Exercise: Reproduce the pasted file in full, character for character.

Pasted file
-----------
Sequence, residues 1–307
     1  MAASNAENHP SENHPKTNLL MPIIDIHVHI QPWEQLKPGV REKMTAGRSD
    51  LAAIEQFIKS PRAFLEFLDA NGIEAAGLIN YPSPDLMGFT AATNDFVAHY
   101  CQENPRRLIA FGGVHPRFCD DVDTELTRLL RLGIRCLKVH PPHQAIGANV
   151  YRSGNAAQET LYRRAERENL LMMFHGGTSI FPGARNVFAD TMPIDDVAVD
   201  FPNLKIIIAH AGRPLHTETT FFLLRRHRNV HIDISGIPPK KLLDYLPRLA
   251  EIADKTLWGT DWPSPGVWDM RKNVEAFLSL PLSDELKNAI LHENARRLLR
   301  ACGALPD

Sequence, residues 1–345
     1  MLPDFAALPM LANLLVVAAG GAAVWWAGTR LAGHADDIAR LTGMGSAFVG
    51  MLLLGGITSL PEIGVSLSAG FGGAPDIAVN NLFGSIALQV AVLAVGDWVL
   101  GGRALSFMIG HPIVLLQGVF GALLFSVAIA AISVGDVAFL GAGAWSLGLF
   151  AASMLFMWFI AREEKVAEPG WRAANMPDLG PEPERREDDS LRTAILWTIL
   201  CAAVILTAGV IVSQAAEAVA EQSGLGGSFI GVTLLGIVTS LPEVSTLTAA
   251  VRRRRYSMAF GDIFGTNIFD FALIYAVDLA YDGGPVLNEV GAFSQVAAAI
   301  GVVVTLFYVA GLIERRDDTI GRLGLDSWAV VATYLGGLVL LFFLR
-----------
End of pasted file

Sequence, residues 1–307
     1  MAASNAENHP SENHPKTNLL MPIIDIHVHI QPWEQLKPGV REKMTAGRSD
    51  LAAIEQFIKS PRAFLEFLDA NGIEAAGLIN YPSPDLMGFT AATNDFVAHY
   101  CQENPRRLIA FGGVHPRFCD DVDTELTRLL RLGIRCLKVH PPHQAIGANV
   151  YRSGNAAQET LYRRAERENL LMMFHGGTSI FPGARNVFAD TMPIDDVAVD
   201  FPNLKIIIAH AGRPLHTETT FFLLRRHRNV HIDISGIPPK KLLDYLPRLA
   251  EIADKTLWGT DWPSPGVWDM RKNVEAFLSL PLSDELKNAI LHENARRLLR
   301  ACGALPD

Sequence, residues 1–345
     1  MLPDFAALPM LANLLVVAAG GAAVWWAGTR LAGHADDIAR LTGMGSAFVG
    51  MLLLGGITSL PEIGVSLSAG FGGAPDIAVN NLFGSIALQV AVLAVGDWVL
   101  GGRALSFMIG HPIVLLQGVF GALLFSVAIA AISVGDVAFL GAGAWSLGLF
   151  AASMLFMWFI AREEKVAEPG WRAANMPDLG PEPERREDDS LRTAILWTIL
   201  CAAVILTAGV IVSQAAEAVA EQSGLGGSFI GVTLLGIVTS LPEVSTLTAA
   251  VRRRRYSMAF GDIFGTNIFD FALIYAVDLA YDGGPVLNEV GAFSQVAAAI
   301  GVVVTLFYVA GLIERRDDTI GRLGLDSWAV VATYLGGLVL LFFLR